Avocado Toast & Cultish Cremains | 4M #103

Funeral Industry News Morticians' Monday Morning Mashup September 5, 2023
4M 103

Avocado Toast & Cultish Cremains | 4M #103

Welcome to the hundred-and-third edition of Morticians’ Monday Morning Mashup, 4M #103, where we’ll serve up bite-sized, easily-digestible nuggets of the deathcare news you need to crush conversations in the week ahead. Bon appetit!

This newsletter is powered by MemoryShare, a funeral livestreaming platform that you can set up in 30 seconds or less.

Just read it

Although at first glance the title “My parents are dead—can I afford avocado toast now?” seems a little cheeky, this personal essay by Becky Robison in Salon is well worth a read by every deathcare professional. In her essay, Robison tackles the real-world concerns and challenges of the ever-growing population of ill-prepared millennials who are unexpectedly saddled with handling final arrangements and estate matters for their boomer parents. If you haven’t yet encountered this situation, chances are good that you will. Robison’s chronicle of her ongoing struggles, which she also documents on her website, is one of the best advertisements for preneed that we’ve ever read.

Minnesota’s getting ready

Minnesota legislators blocked a 2022 bill to legalize natural organic reduction, and a new 2023 bill was recently pushed to next year’s agenda. However, those setbacks haven’t deterred folks from preparing for the eventual arrival of legal NOR. One entrepreneur, Erik Halaas, recently won a $50,000 stipend to “establish what’s billed as Minnesota’s first ‘natural organic reduction facility’” through an organization called “Live On Minnesota.” While Halaas works on his project and residents wait on the government, NOR is still an option. Interra Green Burial, an offshoot of St. Paul-area Mueller Memorial, currently partners with Return Home to arrange transportation to and from Washington state for NOR services.

Dear Abby and a surprise cremation

Legendary advice columnist Abigail Van Buren recently received this deathcare-related question from reader “No Family Closure”

Dear Abby: “I have a family issue concerning the recent, untimely death of my only (younger) brother, who died of pneumonia in Georgia. His wife had him cremated the following day instead of having a funeral. She didn’t inform his immediate family about it until it was over. Was that legal? And was it the right thing to do?”

Abby’s answer: “When a married individual dies, it is legal for the surviving spouse to determine what will happen to their loved one’s remains. We don’t know if the subject of funerals, memorials, burials or cremations was ever discussed between your brother and his wife. If you are wondering, rather than judge her, ask her. He may have expressed a wish not to be put into the ground, or he may have been cremated for financial reasons. While you are at it, ask if she’s planning any kind of memorial. If she isn’t planning anything, you may want to host one for yourselves.”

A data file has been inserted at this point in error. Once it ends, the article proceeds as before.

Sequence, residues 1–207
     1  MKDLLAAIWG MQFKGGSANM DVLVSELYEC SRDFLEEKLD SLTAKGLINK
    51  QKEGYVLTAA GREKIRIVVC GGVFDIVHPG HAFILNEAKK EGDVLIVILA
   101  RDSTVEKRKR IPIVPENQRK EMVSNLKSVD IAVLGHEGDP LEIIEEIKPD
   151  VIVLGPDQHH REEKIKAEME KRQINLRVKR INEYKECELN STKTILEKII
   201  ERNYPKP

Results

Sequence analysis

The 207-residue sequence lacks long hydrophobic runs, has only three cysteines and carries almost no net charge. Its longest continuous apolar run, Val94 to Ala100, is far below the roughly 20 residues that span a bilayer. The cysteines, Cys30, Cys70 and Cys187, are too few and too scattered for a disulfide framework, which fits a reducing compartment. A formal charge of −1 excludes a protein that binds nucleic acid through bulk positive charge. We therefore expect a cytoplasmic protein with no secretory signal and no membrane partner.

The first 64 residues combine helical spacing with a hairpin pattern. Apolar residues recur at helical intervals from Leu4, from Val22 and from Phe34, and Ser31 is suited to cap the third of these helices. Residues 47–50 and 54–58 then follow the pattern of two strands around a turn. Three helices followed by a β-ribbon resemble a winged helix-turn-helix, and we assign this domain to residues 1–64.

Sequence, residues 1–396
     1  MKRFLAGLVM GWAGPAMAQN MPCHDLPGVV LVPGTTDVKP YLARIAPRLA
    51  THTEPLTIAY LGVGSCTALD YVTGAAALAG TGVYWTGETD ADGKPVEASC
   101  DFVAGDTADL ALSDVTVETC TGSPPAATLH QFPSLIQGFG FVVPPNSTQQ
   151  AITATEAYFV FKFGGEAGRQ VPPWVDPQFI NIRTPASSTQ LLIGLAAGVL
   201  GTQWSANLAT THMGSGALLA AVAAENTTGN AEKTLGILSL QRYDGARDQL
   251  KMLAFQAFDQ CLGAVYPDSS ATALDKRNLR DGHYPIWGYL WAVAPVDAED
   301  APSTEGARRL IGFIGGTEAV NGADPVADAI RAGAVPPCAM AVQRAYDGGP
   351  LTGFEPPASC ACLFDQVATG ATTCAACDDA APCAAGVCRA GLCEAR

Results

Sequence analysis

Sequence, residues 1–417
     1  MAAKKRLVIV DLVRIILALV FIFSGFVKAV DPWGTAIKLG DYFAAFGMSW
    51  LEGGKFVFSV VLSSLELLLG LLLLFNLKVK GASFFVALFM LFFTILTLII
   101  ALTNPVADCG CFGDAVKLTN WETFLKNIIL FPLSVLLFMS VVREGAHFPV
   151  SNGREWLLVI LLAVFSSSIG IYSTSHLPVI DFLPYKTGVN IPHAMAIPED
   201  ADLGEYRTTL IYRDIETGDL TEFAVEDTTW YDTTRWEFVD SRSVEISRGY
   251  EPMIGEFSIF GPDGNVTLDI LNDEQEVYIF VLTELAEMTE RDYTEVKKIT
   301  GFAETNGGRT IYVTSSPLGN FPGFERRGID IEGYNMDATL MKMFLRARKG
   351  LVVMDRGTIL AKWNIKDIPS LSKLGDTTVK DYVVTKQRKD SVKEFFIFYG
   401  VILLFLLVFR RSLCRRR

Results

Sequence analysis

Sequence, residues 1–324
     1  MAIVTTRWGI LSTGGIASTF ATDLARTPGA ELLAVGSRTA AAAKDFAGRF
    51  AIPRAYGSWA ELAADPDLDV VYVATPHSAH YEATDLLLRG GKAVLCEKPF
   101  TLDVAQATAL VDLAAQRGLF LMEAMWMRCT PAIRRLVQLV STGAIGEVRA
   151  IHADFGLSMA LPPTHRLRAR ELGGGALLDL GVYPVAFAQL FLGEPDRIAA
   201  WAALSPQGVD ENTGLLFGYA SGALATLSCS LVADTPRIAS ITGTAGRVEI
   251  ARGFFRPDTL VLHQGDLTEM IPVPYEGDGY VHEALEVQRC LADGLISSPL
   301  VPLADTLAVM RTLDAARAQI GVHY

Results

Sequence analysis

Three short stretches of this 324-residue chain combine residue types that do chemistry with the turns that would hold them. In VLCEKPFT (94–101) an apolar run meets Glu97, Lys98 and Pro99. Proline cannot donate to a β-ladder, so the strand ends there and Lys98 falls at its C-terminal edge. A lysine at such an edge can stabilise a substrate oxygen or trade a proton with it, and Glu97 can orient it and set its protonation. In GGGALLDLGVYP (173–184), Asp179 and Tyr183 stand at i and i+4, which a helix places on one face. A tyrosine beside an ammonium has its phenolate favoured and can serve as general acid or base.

Well, that’s a weird gift

Image from TMZ.com

For whatever reason, two artists recently joined forces to create a shrunken head sculpture in the likeness of convicted murderer and cult leader Charles Manson, who died in prison in 2017. As if that wasn’t cringe-worthy enough, the project included strands of Manson’s hair and some of his cremated remains, both of which were gifted by a “close friend of Manson’s.” TMZ shared images of the cremains creation, which is just as creepy as you might imagine. They also noted that one of the artists “has a history of using Manson’s remains in his art … even using ashes in a ‘Helter Skelter’ tattoo for one Manson fanatic.” 

Kudos time!

In the last two 4Ms we’ve shared a lot of bad news about cemetery issues and morticians dealing with legal troubles. This week we’re thrilled to find several items that reflect and celebrate the true character of deathcare professionals:

Say goodbye to Facebook

If you’re using Facebook for live streaming, does this sound familiar?

  • Copyrighted music is silenced (even with proper certifications!)
  • Advertisements out of your control pop up during the livestream
  • It’s difficult for families to access because it requires a Facebook account

This is why Carlton Stevens Jr., Operations Manager and Mortician at Stevens Funeral Home in North Carolina, said goodbye to Facebook and switched to MemoryShare—a live streaming platform built specifically for funeral professionals.

“Now, families don’t have to worry about Facebook accounts. It works, and it’s easy to use,” Carlton said. “It’s the best, I’m telling you. It’s liquid gold.”

After he started offering live streaming during the pandemic, Carlton saw Stevens Funeral Home call volume bump from 20 calls to 41 calls.

Today, Stevens Funeral Home live streams a service every other day.

And with MemoryShare, all they have to do is push a button.

“It’s a no brainer,” Carlton said.

Read how Carlton is using livestreaming to grow his business in our latest case study—click here to read it!